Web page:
Comfort is also great on account of their minute dimensions, they are easily one of the smallest in-ears I’ve handled. As such, they disappear in the ear with minimal weight and no hotspot formation during extended listening. Due to their open nature, isolation is below average though they are similar to the vented Fiio’s and Meze’s. Home listeners will enjoy the added spatial awareness but they do tend to lean out on public transport.
My main issue with the Final E3000’s, when compared to competing models, is their cable. I can forgive the use of a fixed cable but the unit Final opted for it very thin and poorly relieved at all terminations. In return, the cable is super supple and very compliant with no memory or springiness, it also has a nice matte finish and minimal microphonic noise given the earphone’s cable down fit.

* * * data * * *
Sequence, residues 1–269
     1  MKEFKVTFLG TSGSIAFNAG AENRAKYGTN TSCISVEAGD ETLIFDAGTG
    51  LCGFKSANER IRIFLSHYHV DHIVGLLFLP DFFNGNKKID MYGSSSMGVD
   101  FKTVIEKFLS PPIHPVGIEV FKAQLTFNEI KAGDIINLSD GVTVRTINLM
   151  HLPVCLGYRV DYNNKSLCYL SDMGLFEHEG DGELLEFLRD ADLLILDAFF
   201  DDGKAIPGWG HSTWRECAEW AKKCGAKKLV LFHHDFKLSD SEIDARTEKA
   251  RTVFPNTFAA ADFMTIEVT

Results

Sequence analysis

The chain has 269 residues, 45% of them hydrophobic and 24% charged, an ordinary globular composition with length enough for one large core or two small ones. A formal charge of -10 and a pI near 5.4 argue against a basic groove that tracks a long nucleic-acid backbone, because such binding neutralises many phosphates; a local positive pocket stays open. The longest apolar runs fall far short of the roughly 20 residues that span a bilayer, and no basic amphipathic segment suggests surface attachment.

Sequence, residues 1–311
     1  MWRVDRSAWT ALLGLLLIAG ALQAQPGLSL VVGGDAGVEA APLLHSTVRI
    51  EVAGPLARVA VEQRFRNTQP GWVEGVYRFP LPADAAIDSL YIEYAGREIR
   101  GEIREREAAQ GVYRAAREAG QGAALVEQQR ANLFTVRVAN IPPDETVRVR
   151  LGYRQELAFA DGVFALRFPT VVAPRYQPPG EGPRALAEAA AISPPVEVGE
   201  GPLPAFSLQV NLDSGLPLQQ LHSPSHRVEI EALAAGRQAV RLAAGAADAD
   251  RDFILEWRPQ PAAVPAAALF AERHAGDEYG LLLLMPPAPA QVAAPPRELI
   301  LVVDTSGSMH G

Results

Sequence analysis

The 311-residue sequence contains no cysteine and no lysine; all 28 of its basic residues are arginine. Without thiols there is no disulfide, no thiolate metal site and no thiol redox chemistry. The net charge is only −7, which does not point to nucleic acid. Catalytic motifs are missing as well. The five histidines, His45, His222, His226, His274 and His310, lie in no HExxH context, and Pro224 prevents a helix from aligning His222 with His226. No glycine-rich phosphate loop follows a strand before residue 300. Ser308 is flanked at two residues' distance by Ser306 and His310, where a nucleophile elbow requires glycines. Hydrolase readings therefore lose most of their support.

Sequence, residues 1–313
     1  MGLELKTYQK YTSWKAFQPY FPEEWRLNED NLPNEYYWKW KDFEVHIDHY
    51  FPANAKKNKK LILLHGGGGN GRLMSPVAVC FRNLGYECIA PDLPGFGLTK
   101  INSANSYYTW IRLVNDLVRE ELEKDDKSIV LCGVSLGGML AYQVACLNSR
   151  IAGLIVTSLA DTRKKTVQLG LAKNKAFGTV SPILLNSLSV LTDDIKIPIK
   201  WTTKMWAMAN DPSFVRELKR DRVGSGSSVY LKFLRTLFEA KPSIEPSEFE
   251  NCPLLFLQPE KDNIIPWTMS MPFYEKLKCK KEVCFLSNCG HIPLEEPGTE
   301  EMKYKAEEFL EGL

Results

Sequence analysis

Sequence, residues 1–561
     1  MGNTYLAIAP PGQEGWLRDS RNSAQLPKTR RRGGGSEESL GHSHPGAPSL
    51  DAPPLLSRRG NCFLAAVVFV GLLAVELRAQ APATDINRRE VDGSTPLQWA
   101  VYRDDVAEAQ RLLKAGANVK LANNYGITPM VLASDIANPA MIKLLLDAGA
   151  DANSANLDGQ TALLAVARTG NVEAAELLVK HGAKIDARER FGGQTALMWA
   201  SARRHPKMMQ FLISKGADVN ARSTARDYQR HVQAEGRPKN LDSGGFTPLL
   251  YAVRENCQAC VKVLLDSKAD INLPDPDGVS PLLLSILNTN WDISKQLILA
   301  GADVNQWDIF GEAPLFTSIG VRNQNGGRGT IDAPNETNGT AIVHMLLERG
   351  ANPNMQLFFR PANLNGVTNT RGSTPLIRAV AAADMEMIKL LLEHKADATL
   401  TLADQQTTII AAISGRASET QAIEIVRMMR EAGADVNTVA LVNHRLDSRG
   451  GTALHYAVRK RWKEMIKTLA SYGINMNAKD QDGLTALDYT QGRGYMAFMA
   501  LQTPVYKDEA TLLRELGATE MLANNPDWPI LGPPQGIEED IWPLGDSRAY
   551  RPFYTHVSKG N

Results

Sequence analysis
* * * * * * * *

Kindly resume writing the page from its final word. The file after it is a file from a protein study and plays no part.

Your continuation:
Luckily, the gold-plated right-angle jack looks to be pretty sturdy with more extended strain relief though the y-split and housing reinforcements are more dubious. The cable is a far cry from the excellent unit used on the Fiio and the much hardier cable utilized by the Meze’s though I still prefer it to the Shozy Zero’s ergonomic nightmare of a cable.
The Final E3000 forgoes the usual brighter tuning carried by most Japanese in-ears in favour of an easier listen. They are an L-shaped earphone with a mid-bass focus and descending emphasis above. Some small bumps in upper midrange clarity and extra lower treble aggression ensure that the E3000 never comes off as explicitly veiled much like the Oriveti BASIC though treble is very polite in tone. And considering their asking price, the Final’s are quite mature in their execution though not without their flaws.